Hard time deciding on colliding rules that govern science... let alone my English skills (un) improvements [note to self: write narrative in language not native to self - translation/meaning/nuance errors; write in one's language - barriers to feedback/localization]! Any actions/ideas of what cold help me stick to writing my argument (aka thesis) bringing the spiral to an halt?

Apr 7, 2011

maravilhosa inquietude

Atenta ao que se vai passando, não querendo saber mais sobre a pensão de alimentos que há 3 anos está em falta, é maravilhoso e inquietante ao mesmo tempo, ouvir uma filha falar em arranjar trabalho para poder prosseguir os seus estudos. Maravilhoso, porque escolheu ficar com quem lhe explicou que detinha menores rendimentos para lhe permitir algo mais que o básico. Inquietante, porque me revisito e sei a disciplina que é necessária para abarcar a vida profissional e os estudos ao mesmo tempo. Não tinha que ser assim mas a vida tem que ser construída, a cada dia, com o que se tem e não com o que se devia ter.

Mar 24, 2011


"Yet there are moments when the walls of the mind grow thin; when nothing is unabsorbed, and I could fancy that we might blow so vast a bubble that the sun might set and rise in it and we might take the blue of midday and the black of midnight and be cast off and escape from here and now." V. Woolf

Mar 16, 2011

Role of paper in disruptions

"People check a posted list of survivors at an evacuation center in Miyagi prefecture's Natori city on Monday, March 14." from CNN

We are well aware of the great uses that information technologies and social networks supported by internet connections have been playing in the last years. Yet, we tend to minimize the role played by paper in times of great disruptions, like the one Japan is going through.

Mar 15, 2011

Visions of ideal solutions to the management of personal information collections

Bruce, H., Wenning, A., Jones, E., Vinson, J., & Jones, W. (2011). Seeking an ideal solution to the management of personal information collections. Information Research, 16(1) paper 462: 
"(...) the researchers found that observing people over time as they find, select, collect, organize, and manage information for a personal project provides an excellent context for studying the challenges of personal information management."

Mar 3, 2011

Visions of single information space

Tom Heath and Christian Bizer (2011) Linked Data: Evolving the Web into a Global Data Space (HTML edition). Synthesis Lectures on the Semantic Web: Theory and Technology, 1:1, 1-136. Morgan & Claypool:
"The World Wide Web has enabled the creation of a global information space comprising linked documents. (...) Linked Data provides a publishing paradigm in which not only documents, but also data, can be a first class citizen of the Web, thereby enabling the extension of the Web with a global data space based on open standards - the Web of Data."

"Just as hyperlinks in the classic Web connect documents into a single global information space, Linked Data enables links to be set between items in different data sources and therefore connect these sources into a single global data space."

Mar 2, 2011

Indústria do Papel

from CEPI

Na Europa, CEPI (Confederation of European Paper Industries) nas Preliminary Stats for 2010 registam aumentos, comparativamente a 2009, apesar da situação macroeconómica. Para estatísticas específicas de papel destinado a impressão, ver CEPIPRINT (Association of European Publication Paper Producers) e CEPIFINE (Confederation of European Fine Paper Industries).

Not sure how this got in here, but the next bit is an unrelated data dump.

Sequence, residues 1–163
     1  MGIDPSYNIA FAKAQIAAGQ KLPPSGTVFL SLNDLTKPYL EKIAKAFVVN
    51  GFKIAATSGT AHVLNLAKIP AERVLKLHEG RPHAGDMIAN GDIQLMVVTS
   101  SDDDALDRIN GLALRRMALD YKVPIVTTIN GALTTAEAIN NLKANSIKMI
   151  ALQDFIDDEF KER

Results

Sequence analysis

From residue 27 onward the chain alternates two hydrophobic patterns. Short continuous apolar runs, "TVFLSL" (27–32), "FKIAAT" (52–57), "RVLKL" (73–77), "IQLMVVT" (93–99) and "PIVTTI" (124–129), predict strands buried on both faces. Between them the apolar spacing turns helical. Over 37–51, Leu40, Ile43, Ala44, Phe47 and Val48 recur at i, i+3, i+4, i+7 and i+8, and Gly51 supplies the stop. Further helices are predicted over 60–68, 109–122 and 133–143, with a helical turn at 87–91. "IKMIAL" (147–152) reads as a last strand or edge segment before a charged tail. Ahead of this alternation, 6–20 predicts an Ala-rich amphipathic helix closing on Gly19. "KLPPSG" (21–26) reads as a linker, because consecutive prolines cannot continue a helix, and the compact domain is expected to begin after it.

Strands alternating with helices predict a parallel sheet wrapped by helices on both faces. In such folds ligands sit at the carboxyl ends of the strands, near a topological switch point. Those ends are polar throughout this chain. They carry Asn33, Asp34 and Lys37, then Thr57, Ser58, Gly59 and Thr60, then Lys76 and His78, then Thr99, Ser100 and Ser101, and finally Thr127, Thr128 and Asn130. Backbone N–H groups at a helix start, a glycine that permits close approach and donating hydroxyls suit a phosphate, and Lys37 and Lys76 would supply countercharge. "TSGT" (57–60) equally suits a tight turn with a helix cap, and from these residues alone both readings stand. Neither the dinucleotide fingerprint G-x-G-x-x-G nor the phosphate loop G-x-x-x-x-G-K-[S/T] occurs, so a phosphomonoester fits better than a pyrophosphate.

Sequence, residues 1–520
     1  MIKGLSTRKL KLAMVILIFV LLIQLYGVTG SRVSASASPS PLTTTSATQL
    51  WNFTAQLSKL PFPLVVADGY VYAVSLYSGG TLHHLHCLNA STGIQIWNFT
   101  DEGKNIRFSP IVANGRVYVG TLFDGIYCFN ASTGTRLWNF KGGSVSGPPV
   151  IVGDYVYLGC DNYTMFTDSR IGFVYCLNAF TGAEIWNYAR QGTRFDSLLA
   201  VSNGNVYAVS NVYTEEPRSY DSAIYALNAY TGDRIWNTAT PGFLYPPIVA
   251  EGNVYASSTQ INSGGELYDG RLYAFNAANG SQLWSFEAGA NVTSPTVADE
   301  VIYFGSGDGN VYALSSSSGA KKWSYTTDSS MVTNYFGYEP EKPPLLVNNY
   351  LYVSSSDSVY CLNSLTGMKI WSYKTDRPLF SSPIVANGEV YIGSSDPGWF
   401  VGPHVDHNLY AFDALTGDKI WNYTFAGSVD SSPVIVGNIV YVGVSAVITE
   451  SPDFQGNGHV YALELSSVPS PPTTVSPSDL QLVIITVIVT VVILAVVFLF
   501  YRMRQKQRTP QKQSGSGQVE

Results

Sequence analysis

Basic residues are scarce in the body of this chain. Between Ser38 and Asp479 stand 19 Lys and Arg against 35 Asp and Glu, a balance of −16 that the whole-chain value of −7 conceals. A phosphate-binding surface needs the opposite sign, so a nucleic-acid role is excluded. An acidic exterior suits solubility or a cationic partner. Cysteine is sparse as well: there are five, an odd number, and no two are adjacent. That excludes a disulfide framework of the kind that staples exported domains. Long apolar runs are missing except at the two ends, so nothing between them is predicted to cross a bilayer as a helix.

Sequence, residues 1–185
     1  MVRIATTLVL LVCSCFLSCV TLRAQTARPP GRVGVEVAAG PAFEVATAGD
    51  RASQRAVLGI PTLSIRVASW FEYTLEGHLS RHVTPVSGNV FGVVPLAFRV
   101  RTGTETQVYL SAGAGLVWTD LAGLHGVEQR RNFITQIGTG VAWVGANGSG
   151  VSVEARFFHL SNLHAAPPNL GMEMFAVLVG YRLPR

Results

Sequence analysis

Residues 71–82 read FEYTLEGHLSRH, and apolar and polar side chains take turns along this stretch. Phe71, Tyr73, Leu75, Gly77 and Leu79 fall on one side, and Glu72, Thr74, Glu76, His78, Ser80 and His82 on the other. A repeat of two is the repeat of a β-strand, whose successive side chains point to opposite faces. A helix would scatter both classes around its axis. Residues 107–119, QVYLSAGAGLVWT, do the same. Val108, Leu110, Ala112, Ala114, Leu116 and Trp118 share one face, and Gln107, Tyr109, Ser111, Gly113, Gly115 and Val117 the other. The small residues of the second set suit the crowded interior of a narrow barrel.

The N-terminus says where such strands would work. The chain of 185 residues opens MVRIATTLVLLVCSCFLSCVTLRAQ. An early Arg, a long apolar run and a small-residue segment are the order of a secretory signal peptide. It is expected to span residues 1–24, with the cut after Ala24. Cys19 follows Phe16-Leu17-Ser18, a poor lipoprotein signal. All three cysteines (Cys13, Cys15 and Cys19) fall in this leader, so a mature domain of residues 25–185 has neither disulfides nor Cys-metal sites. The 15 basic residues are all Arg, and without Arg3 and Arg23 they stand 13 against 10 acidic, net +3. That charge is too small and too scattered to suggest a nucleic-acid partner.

Em portugal, CELPA (Associação da Indústria Papeleira) Boletim Estatístico 2009 (Setembro, 2010) os dados reportados a 2009, registaram aumento da produção em Portugal:
"Em 2009 a produção europeia de pastas para papel desceu 13,5%, sendo Portugal o 4º maior produtor europeu de pasta – com 7,1% do total – e o 3º maior produtor de pastas químicas – com 8,9% de produção. Relativamente à produção de papel, também a Europa viu a sua produção baixar 10,4%, sendo Portugal o 11º maior produtor europeu de papel e cartão – com 1,8% do total - e o 2º maior produtor de papel fino não revestido (UWF) – com 11,6% da produção total." (p.18)
"Neste contexto, em 2009 as empresas portuguesas produtoras de pasta e de papel conseguiram registar um aumento da produção de pastas virgens de 7,9%. (...) Apesar das quebras sentidas, com impacte directo na Rendibilidade das Vendas, que diminuiu de 10,2%, em 2008, para 7,0%, em 2009, o sector está a adaptar-se às mudanças dos mercados e acredita no seu potencial de crescimento a médio/longo prazo." (p.18-19)
Pena que na PORDATA não tenham dados sobre a produção de papel. Faltam-me também aqui estatísticas em termos globais que permitam ter uma noção do consumo de papel ao longo dos anos.

Feb 28, 2011

Opening the source(s) with blogs in research practices

By the time I've started my PhD, I had already used blogs as a research tool for conducting research work, since 2003 [master's degree in Information Studies] not so much as a fieldwork tool, but as a way of registering trails of the research (ongoing information, readings, questions, doubts, ...) that allowed others to  find me and, in turn, due to explicit (comments in blog) or implicit (link back, web bookmarks, citations) conversations allowed me to find them.

Lorenz blog, for long, as been a way for me to feel connected to anthropology developments. Yesterday, while re-reading a recent post about using Comics to present research findings, I've recalled an older post that offered the link to the issues of Opening the source in fieldwork: